April Books List

Monday, 4 May 2015

A round up of the books that I read last month:-

(1) Bonjour Tristesse by Francoise Sagan
Contemporary Classic / Literature: "Set against the translucent beauty of France in summer, Bonjour Tristesseis a bittersweet tale narrated by Cécile, a seventeen-year-old girl on the brink of womanhood, whose meddling in her father's love life leads to tragic consequences."

Bonjour Tristesse is one of those books that has been recommended to me countless times and as the weather has been warming up, I felt it was high time that I plucked it off my bookshelf. The story revolves around a 17 year old girl, Cécile, who is enjoying a long summer stay in the South of France with her father. Both of them live the good life; they have money, beauty and have the happy, carefree attitude that so often comes with both of those attributes. This however is all subject to change when Anne, a former flame of Cécile's father, re-enters their lives and attempts to turn everything on its head.  The prose is beautifully simplistic but descriptive at the same time as the story transports you to the sunny shores of the South of France in a heartbeat. You can almost feel yourself being warmed by its rays as you turn the pages. The tension between the characters builds gradually and the relationships twist and turn right until the end. It's the perfect holiday read.  [4/5]

(2) Media Control by Noam Chomsky
Non-Fiction / Politics / History: "Noam Chomsky’s backpocket classic on wartime propaganda and opinion control begins by asserting two models of democracy—one in which the public actively participates, and one in which the public is manipulated and controlled.  Which do you choose?" 

Chomsky's Media Control is a slim paperback but it packs in a lot within its fully accessible mini chapters. It gives us a brief overview of a couple of key propaganda techniques that the US government have employed to keep the 'bewildered herd' distracted, which seems more relevant for me to read than ever as the UK heads towards yet another circus of an election. If you're already familiar with Chomsky's work then this book will seem much of the same, but if you're not, it's a great little introduction.  [4/5]

(3) If Nobody Speaks Of Remarkable Things by Jon McGregor
Contemporary Literature / Poetry: "On a street in a town in the North of England, ordinary people are going through the motions of their everyday existence. But then a terrible event shatters the quiet of the early summer evening."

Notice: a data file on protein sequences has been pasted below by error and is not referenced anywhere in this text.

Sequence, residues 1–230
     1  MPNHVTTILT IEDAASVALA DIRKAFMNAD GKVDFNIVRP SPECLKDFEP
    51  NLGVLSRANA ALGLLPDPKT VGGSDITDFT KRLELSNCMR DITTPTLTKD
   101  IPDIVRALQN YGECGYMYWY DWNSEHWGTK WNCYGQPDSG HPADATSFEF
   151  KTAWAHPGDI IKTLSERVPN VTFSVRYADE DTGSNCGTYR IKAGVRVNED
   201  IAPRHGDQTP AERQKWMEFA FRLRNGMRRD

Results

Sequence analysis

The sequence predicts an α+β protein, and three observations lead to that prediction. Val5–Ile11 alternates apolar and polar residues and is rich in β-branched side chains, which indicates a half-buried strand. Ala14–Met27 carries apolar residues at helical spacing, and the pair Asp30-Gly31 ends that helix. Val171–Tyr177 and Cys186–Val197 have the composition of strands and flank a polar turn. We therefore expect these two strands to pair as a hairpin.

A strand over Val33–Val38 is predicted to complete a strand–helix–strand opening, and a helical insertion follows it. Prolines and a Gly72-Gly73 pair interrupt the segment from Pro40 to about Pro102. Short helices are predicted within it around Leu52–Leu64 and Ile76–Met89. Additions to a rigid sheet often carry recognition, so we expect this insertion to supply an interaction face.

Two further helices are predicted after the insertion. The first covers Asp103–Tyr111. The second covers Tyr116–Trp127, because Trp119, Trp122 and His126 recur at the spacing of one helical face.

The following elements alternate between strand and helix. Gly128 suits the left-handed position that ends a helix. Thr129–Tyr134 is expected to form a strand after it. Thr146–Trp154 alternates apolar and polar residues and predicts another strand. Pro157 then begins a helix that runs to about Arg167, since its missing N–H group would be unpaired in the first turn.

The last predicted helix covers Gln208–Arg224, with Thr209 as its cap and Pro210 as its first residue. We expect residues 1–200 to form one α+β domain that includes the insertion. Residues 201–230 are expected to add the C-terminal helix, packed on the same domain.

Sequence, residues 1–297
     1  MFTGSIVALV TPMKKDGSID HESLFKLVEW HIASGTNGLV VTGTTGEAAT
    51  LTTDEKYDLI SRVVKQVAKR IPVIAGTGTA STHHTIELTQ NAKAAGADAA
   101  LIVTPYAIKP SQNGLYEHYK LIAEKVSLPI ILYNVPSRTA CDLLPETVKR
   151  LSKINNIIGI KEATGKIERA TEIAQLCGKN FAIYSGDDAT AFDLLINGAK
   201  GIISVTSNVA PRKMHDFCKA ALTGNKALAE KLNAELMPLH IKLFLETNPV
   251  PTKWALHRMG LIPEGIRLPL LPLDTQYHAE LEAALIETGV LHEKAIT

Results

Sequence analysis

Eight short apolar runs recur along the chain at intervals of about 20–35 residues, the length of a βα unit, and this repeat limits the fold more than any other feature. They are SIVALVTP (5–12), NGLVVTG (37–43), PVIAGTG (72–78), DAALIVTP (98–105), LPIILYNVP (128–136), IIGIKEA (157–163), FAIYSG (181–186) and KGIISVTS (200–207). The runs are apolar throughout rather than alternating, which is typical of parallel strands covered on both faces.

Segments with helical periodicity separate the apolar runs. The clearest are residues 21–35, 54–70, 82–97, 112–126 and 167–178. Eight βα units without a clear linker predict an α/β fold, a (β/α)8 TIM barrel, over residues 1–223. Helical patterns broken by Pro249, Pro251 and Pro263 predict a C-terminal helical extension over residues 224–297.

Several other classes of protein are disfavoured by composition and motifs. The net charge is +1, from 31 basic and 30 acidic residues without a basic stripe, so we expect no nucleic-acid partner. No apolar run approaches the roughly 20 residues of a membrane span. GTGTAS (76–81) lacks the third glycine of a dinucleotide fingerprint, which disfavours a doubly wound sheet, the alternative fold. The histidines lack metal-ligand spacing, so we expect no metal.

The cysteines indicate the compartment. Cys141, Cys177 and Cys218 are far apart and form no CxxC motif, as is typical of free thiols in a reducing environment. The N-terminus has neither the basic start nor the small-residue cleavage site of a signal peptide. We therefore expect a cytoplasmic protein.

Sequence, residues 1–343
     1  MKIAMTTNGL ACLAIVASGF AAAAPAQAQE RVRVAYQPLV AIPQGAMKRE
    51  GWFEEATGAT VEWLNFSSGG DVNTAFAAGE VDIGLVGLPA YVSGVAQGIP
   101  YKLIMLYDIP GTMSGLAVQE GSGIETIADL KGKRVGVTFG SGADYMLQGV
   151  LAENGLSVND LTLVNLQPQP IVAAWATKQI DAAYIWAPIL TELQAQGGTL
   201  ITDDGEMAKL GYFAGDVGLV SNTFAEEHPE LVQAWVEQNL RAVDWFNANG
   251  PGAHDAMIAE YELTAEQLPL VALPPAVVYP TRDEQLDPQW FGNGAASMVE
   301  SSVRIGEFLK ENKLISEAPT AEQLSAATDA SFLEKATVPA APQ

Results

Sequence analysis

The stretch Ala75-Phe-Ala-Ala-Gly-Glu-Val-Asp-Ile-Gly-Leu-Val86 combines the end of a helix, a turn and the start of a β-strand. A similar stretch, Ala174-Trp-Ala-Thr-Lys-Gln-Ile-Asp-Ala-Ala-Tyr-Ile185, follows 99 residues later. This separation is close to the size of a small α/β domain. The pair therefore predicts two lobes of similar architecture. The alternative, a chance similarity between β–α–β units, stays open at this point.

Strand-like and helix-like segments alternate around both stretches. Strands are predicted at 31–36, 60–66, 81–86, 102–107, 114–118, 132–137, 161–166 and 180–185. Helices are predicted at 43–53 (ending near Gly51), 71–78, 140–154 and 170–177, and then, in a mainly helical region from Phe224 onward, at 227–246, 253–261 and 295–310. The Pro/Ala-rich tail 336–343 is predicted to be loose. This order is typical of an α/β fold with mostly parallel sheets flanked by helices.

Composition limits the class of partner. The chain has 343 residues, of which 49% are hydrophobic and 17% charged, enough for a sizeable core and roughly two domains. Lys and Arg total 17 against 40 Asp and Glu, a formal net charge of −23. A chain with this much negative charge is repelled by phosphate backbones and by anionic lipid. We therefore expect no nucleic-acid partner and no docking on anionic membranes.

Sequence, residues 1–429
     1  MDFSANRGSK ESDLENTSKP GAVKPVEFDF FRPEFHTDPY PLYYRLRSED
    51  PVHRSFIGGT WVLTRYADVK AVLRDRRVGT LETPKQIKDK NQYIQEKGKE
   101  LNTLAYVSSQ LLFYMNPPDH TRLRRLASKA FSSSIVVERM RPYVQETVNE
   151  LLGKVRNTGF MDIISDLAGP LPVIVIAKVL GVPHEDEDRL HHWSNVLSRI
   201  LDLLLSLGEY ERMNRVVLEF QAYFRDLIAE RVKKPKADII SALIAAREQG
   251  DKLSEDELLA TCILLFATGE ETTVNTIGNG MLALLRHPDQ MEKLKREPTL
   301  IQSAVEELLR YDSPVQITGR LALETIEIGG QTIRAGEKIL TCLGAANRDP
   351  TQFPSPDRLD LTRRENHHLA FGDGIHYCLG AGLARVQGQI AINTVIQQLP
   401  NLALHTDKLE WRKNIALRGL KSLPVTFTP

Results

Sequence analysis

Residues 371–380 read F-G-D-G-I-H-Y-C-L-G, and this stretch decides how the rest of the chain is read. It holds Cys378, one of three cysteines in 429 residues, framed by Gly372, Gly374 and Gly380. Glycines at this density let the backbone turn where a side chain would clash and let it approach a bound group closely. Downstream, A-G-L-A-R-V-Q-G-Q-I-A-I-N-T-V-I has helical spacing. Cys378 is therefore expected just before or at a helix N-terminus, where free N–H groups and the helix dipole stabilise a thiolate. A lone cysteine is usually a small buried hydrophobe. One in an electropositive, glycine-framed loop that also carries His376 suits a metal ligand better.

I often like to try and read outside of my comfort zone and pick up books which are challenging, not always because of their subject matter, but sometimes because of how they are written. If Nobody Speaks Of Remarkable Things is an unconventional novel in the sense that it's composed as a poem throughout. The verses meander through the pages and describe little glimpses of this unassuming sleepy town and the people who live in it, without giving too much away so there's plenty for the reader's imagination to elaborate on. It's an interesting book littered with beautiful prose in parts, though it's one you may struggle to get into at first like I did.  [3/5]

(4) Firestarter by Stephen King
Science Fiction / Horror: "The Department of Scientific Intelligence (aka "The Shop") never anticipated that two participants in their research program would marry and have a child. And they never expected a child with such unique powers."

Imagine a crossover between King's classic Carrie and the men in suits from The Matrix chasing her, and you almost have the setting for Firestarter. The story kicks off with a young girl Charlie, and her father Andy, running across New York in a desperate attempt to escape the agents from 'The Shop', a secret Government department who did some crazy LSD style experiments on Andy when he was in College. With a fast paced narrative, this is a real page turner and combines the present day with flashbacks of Andy's past as the agents start to close in on Andy and Charlie.  It's more Sci-Fi than Horror, as the typical horror elements are psychological and supernatural in this with King building up the suspense perfectly, right up until a dramatic ending. One of my favourite Stephen King novels for sure.  [4/5]

What have you been reading lately?

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  1. Oh wow, you do like to challenge yourself :) I read the Art of Being Normal this month, a lovely YA tale of a transgender boy :) I think you might like it :)

    Dannie x

    1. I try! That sounds really interesting, will definitely have a look into it :) x


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